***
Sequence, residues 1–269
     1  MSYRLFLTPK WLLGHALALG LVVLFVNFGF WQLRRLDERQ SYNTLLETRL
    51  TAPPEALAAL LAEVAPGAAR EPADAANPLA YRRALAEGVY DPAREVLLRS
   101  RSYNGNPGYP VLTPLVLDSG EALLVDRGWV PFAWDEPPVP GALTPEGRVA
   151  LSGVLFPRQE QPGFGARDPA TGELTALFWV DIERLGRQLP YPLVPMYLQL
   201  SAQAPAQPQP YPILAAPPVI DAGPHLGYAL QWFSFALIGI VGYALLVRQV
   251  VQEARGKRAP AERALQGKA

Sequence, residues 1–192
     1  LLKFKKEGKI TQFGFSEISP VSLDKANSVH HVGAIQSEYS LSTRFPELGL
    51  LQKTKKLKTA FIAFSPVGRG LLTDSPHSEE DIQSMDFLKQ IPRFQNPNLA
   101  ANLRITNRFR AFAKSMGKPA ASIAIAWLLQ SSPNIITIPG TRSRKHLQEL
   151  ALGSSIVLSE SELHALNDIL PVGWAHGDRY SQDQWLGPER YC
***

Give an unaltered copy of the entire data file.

Sequence, residues 1–269
     1  MSYRLFLTPK WLLGHALALG LVVLFVNFGF WQLRRLDERQ SYNTLLETRL
    51  TAPPEALAAL LAEVAPGAAR EPADAANPLA YRRALAEGVY DPAREVLLRS
   101  RSYNGNPGYP VLTPLVLDSG EALLVDRGWV PFAWDEPPVP GALTPEGRVA
   151  LSGVLFPRQE QPGFGARDPA TGELTALFWV DIERLGRQLP YPLVPMYLQL
   201  SAQAPAQPQP YPILAAPPVI DAGPHLGYAL QWFSFALIGI VGYALLVRQV
   251  VQEARGKRAP AERALQGKA

Sequence, residues 1–192
     1  LLKFKKEGKI TQFGFSEISP VSLDKANSVH HVGAIQSEYS LSTRFPELGL
    51  LQKTKKLKTA FIAFSPVGRG LLTDSPHSEE DIQSMDFLKQ IPRFQNPNLA
   101  ANLRITNRFR AFAKSMGKPA ASIAIAWLLQ SSPNIITIPG TRSRKHLQEL
   151  ALGSSIVLSE SELHALNDIL PVGWAHGDRY SQDQWLGPER YC